Driving autonomy into the metaverse
Students in Ding Zhao’s lab were awarded the 2022 Qualcomm Innovation Fellowship for their proposal to generate diverse safety-critical autonomous vehicle scenarios using digital twins.
Nearly 400 crashes were linked to self-driving cars in the 10 months between July 2021 and May 2022. There is a critical need for manufacturers and control boards to understand these safety issues in order to earnestly embrace autonomous vehicles. Researchers at Carnegie Mellon are driving autonomy into the metaverse to understand safety-critical scenarios by way of digital twins.
Because car crashes are rare, affecting the average driver only once every 18 years, and heavily dependent on diverse environments like individual driving habits and road conditions, gathering data in the real world on safety-critical scenarios is nearly impossible. Students in Ding Zhao’s lab proposed the possibility of gathering that data in the metaverse to generate diverse safety-critical scenarios that can quickly adapt to various environments to provide numerous realistic testing cases, without the need to track hundreds of miles.
“Autonomous driving has demonstrated promising potential to reduce crashes, save people’s time, and combat climate change,” explain Zhao, an assistant professor of mechanical engineering. “But it’s evident that the guarantee of safety is still missing. We want to develop that missing piece for the large-scale deployment of self-driving.”
One way to generate safety-critical autonomous system scenarios is by finding failure cases by trial and error. Digital twins provide perfect test beds to create safety-critical scenarios without causing damage in the real-world. Wenhao Ding and Jiacheng Zhu, Ph.D. students in Zhao’s lab, proposed a new method, Learning to Collide, to identify risky scenarios leveraging the reinforcement learning technique. This method builds a framework where the autonomous system is a victim attacked by the scenario-generation algorithm.
Another efficient way to generate desired scenarios in digital twins is using causality, which describes the cause-and-effect relationships between objects. For example, an accident between a pedestrian and a vehicle is caused by another vehicle blocking the view of the pedestrian. The team developed a method called Causal Autoregressive Flow (CausalAF) to generate safety-critical scenarios in autonomous digital twins. It uses causality summarized by human experts and enables efficient generation to find diverse risky scenarios to self-driving vehicles.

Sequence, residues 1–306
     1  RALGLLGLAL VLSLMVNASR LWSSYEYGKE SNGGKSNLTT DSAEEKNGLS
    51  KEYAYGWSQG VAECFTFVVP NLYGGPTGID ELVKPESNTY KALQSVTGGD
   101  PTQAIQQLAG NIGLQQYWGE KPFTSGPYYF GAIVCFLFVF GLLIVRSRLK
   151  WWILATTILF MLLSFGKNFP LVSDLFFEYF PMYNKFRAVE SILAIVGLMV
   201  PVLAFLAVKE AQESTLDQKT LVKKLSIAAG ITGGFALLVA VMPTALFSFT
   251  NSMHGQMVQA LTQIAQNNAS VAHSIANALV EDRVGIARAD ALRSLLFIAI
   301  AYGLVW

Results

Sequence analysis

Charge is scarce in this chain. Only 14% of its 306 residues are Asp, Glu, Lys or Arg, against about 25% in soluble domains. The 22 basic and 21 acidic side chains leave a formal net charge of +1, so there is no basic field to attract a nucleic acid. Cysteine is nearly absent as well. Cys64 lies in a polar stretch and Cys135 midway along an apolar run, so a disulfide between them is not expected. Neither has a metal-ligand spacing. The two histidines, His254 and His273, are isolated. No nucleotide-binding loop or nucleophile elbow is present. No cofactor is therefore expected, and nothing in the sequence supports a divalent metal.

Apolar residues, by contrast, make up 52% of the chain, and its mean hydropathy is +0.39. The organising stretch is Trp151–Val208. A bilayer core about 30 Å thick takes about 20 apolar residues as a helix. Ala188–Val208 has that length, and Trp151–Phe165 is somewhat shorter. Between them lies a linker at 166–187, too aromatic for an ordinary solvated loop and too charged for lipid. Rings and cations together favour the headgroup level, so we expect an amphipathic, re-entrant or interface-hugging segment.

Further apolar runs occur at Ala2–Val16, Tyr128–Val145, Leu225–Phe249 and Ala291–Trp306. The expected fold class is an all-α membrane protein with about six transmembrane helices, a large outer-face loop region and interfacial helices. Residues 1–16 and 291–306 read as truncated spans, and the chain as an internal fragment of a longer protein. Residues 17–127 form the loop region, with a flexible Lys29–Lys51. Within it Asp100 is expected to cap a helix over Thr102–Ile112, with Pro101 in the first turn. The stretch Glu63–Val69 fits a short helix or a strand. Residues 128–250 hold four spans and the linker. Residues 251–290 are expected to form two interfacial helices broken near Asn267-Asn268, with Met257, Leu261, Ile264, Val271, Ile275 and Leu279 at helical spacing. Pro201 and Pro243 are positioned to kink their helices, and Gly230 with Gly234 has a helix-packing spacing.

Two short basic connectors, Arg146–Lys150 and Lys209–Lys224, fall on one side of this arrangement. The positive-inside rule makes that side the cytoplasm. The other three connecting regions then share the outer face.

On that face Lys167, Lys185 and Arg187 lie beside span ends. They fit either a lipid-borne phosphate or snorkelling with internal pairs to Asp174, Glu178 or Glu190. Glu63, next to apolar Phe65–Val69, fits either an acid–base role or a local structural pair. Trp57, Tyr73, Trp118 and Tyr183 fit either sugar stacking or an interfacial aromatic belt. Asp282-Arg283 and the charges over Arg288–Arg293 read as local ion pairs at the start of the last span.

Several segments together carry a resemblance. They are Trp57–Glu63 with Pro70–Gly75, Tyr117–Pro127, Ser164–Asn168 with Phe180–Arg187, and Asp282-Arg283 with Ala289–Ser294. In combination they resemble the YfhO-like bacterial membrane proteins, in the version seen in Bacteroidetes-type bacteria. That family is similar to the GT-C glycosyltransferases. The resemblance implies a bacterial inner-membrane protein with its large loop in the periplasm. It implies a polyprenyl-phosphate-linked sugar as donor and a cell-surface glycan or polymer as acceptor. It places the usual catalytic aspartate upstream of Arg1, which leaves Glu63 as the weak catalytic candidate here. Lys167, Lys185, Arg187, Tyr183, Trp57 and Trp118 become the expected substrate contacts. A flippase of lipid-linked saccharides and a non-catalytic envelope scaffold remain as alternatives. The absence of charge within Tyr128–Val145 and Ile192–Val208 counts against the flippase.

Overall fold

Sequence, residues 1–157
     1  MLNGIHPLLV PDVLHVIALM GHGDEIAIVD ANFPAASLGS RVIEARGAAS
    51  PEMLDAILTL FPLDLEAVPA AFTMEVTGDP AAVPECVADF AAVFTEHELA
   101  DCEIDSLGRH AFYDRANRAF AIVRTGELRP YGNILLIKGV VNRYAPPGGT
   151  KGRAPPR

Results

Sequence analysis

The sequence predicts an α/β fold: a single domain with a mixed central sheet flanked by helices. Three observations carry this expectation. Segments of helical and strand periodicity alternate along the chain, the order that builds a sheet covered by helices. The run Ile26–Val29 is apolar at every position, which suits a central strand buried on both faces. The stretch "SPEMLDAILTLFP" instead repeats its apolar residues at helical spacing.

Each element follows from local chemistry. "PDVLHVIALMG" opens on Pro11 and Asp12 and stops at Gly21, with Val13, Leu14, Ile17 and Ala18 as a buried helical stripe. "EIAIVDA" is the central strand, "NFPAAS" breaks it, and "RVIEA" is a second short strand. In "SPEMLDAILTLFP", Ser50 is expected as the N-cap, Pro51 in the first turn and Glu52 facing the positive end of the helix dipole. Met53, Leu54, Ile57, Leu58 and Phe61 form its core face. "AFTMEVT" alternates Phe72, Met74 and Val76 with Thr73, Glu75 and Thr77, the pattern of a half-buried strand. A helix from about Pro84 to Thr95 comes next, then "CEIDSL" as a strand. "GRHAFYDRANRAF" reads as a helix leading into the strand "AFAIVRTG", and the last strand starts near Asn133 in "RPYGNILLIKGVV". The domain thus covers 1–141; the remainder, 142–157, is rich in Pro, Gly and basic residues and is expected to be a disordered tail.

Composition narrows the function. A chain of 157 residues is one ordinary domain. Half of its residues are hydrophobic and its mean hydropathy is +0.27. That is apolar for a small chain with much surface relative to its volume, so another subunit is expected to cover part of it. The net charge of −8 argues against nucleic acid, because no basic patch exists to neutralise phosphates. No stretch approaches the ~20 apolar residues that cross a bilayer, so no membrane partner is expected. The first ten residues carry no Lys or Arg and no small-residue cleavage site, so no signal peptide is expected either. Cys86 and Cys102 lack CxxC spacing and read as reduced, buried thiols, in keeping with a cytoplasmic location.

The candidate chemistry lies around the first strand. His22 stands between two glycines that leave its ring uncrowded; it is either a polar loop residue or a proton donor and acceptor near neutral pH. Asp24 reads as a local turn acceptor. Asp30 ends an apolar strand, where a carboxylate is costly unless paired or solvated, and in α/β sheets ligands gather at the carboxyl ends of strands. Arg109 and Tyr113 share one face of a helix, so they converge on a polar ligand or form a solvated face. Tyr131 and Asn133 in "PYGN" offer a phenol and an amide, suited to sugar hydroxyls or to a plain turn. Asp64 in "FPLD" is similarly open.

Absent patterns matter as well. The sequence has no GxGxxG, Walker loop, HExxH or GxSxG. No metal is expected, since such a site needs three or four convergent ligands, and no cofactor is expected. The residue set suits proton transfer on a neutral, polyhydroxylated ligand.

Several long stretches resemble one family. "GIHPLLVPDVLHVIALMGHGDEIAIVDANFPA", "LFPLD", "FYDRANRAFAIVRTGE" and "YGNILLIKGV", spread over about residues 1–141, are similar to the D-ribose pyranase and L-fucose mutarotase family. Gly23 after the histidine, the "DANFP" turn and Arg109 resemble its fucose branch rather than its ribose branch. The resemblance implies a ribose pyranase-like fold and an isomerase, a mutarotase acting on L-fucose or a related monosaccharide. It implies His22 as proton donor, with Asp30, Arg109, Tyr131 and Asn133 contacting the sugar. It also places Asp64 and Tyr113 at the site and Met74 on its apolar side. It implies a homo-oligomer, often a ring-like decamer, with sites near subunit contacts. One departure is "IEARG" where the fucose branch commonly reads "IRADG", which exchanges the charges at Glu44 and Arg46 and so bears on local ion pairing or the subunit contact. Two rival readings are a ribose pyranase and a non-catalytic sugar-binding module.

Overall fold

We are building the bridge between the digital world and the real world, and we believe that it is the most efficient way to ensure the safety of people using digital systems.Wenhao Ding, Ph.D. student, Mechanical Engineering
“What we are doing is unique because typically the cause of inference is studied by statisticians for theory, but we are applying it to the real-world,” said Ding. “We are building the bridge between the digital world and the real world, and we believe that it is the most efficient way to ensure the safety of people using digital systems.”
Ding and Zhu’s proposal, “Safety-Critical Scenarios Generation and Generalization for Autonomous Driving'' was awarded the 2022 Qualcomm Innovation Fellowship, which promotes innovation, execution, and teamwork.
“I am very excited to get this prestigious award,” said Zhu. “When we gave the presentation in the final round of competition, I noticed that we were up against very novel topics from students at other leading institutions. I am glad our work was recognized.”
I am happy to see that my students are controlling their own success.Ding Zhao, Assistant Professor, Mechanical Engineering
“I am happy to see that my students are controlling their own success, and this award reflects that,” Zhao stressed. “They proposed this concep,t and now they get to drive the digital twin development.”
Understanding these scenarios extends beyond the road, as the use of autonomous machines is actively explored in manufacturing. Zhao’s group has created a digital twin of Mill 19, the home of Carnegie Mellon’s Manufacturing Futures Institute to more efficiently and cost-effectively explore safety in manufacturing. This project began as an MFI seed project in April 2022. Each seed project is funded with the goal that the research will be able to secure follow-on funding from external sources.
“Manufacturing scenarios have human-robot interactions, and through a digital twin we can assess working conditions.” Zhao went on to point out, “Scenarios with safety and security problems may be rare, but they do happen. It is critical for us to understand the why in order to prevent recurrences.”